top of page



FMCSA reports 2020 hours of service changes inconclusive

The Federal Motor Carrier Safety Administration said in a new report to Congress that since the 2020 changes to the hours-of-service regulations took effect, hours of service violations have seen a significant uptick, while crashes and fatalities have held mostly flat.

The agency noted, however, similarly to its report to Congress on the effectiveness of the electronic logging device mandate, that “initial trends may have been confounded by the COVID-19 pandemic’s effects on industry operations and FMCSA’s emergency declaration that provided HOS regulatory relief for commercial motor vehicle operations providing direct assistance in support of COVID-19 relief efforts.”

In the report, FMCSA analyzed inspection and crash data from Jan. 1, 2018, through Sept. 30, 2020 for the pre-change period, and Oct. 1, 2020, through Sept. 30, 2021, for the post-change period.

Driver inspections with at least one hours-of-service violation increased from 7.6% before the HOS changes took effect to 8.5% after the changes, FMCSA said. Driver inspections with one or more out-of-service HOS violation increased from 2.6% to 3.2%. At the same time, the monthly large-truck crash rate per 100 million miles only increased from 5.58 to 5.7, and the monthly large-truck fatality rate per 100 million miles increased from 0.164 to 0.167.

Regarding crash trends, FMCSA said no conclusions can be drawn yet because the analysis could not distinguish between drivers using and not using the COVID-19 HOS waivers.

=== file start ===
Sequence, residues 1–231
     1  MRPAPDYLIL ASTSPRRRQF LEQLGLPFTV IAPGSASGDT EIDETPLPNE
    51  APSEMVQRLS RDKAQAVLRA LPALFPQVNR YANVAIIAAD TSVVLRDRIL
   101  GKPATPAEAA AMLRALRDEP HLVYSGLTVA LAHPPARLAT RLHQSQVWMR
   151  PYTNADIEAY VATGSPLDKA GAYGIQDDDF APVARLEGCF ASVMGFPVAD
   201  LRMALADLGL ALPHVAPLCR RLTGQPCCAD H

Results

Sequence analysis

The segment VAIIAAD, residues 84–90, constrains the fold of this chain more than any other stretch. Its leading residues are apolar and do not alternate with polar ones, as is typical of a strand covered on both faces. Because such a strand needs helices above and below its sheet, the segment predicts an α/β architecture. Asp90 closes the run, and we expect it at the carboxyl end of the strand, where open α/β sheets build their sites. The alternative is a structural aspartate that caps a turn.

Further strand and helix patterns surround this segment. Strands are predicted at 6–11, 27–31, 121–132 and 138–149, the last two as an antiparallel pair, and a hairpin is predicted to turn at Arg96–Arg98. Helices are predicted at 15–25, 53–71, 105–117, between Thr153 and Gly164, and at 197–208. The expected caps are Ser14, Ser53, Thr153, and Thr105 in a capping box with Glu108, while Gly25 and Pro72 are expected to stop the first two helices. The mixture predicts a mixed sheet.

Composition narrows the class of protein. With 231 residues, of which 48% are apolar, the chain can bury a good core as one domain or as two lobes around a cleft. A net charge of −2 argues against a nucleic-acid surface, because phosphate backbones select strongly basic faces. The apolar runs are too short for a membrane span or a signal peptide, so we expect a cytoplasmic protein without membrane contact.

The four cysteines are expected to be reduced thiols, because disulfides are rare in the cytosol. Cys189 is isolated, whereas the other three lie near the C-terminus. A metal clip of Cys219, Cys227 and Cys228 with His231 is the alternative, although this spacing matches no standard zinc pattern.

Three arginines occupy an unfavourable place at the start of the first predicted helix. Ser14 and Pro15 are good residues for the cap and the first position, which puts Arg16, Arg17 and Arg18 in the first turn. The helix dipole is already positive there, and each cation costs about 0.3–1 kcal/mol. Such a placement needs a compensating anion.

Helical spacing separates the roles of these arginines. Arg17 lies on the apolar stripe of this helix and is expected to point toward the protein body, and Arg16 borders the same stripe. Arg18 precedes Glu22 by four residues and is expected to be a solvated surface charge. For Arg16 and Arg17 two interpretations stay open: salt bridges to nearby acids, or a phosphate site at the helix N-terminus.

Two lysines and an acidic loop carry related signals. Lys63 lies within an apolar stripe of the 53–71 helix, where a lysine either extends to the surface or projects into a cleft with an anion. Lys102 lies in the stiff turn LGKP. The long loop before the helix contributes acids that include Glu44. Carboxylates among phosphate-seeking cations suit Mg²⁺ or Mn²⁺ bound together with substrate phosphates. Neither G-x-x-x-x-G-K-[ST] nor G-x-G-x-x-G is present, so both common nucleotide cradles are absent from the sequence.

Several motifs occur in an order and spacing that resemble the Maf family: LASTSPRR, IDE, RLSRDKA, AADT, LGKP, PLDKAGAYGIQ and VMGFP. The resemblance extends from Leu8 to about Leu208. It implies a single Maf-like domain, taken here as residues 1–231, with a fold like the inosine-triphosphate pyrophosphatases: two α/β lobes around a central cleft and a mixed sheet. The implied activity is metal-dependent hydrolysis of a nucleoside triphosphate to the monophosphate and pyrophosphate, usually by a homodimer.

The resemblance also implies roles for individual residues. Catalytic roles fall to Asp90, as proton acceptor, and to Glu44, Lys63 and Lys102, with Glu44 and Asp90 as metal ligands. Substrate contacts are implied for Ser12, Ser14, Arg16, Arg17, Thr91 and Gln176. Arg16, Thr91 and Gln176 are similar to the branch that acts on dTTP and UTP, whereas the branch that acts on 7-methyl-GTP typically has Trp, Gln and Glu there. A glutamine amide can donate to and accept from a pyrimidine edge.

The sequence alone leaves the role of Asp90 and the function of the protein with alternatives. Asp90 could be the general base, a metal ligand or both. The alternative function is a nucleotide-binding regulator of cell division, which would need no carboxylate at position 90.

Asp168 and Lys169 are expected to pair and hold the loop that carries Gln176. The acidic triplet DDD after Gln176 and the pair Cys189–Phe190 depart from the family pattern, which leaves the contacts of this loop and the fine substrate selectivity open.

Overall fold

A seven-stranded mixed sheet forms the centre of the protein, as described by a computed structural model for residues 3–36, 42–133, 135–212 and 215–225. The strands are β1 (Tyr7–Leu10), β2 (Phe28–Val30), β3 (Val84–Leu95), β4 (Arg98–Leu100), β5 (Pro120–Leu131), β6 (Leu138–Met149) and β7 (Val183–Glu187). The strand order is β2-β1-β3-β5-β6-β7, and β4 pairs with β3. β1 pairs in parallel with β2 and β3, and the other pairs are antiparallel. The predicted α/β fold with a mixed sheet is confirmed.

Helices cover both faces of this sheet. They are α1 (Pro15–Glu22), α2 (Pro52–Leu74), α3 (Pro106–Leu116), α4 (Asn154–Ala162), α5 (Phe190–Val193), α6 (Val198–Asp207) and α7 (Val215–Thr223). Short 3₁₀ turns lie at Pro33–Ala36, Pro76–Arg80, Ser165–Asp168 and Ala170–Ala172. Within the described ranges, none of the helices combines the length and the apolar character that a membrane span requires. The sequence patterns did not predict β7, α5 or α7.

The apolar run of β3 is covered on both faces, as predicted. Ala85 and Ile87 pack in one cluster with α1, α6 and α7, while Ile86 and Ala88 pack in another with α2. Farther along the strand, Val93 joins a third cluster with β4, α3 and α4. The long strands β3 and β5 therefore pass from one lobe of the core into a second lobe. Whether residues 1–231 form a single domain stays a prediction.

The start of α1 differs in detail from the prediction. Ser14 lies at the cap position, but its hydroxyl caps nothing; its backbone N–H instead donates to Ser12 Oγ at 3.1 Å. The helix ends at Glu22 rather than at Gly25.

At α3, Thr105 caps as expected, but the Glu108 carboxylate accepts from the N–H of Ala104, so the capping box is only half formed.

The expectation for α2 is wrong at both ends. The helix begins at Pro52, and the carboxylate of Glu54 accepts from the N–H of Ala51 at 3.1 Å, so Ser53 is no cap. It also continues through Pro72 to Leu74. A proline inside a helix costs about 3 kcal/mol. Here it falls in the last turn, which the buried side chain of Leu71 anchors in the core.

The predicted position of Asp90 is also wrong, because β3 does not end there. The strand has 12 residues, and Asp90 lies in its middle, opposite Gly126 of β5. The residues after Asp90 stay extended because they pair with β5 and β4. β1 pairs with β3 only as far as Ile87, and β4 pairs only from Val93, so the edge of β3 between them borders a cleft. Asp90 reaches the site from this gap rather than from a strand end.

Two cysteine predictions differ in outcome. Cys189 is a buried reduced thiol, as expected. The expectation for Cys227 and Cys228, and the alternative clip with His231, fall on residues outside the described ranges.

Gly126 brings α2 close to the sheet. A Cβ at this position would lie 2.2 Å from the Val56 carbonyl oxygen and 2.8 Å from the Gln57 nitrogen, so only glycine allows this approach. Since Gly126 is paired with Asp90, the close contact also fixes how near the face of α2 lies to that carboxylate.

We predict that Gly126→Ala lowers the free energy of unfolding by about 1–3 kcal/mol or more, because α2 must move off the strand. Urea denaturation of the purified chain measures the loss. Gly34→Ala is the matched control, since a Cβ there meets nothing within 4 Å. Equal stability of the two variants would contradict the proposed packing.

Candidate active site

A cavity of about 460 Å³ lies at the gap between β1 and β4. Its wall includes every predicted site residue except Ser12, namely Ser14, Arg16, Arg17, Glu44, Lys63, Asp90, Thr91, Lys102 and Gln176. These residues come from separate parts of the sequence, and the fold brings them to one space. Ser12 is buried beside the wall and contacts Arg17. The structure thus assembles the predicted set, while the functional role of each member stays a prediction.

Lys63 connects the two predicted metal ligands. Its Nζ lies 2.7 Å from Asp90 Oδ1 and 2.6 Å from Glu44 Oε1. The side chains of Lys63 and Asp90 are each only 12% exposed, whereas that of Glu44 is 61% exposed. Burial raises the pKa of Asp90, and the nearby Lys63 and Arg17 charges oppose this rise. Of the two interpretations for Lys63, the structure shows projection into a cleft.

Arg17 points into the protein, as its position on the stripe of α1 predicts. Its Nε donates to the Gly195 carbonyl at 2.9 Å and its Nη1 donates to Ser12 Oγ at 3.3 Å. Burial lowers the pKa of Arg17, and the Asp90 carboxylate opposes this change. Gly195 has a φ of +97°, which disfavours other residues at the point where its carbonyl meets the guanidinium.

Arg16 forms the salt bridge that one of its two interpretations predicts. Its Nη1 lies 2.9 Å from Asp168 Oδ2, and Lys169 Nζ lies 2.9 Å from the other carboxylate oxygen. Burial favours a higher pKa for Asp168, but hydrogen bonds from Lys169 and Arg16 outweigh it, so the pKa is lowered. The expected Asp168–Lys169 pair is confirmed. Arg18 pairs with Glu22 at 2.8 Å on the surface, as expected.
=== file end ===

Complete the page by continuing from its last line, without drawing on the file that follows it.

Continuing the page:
FMCSA said another approach that could be taken to understand the impact of the HOS changes would be to analyze the safety outcomes of drivers who took advantage of the new provisions and waivers. Plenty watchers around trucking have been in favor of an analysis particularly of safety outcomes among carriers who ran under the COVID waiver during its more than two-year history -- holding at least potential to underpin arguments for greater hours of service flexibility in the rules themselves.

In the report to Congress, FMCSA noted data limitations, too: “There is very limited data to support an in-depth analysis of the safety outcomes of carriers that took advantage of the new HOS provisions in comparison to those that did not,” FMCSA concluded. “The pre- and post-rule change macro trend analysis is limited in its reach given the scale of the HOS rule changes and other confounding factors.”


Recent Posts

See All


bottom of page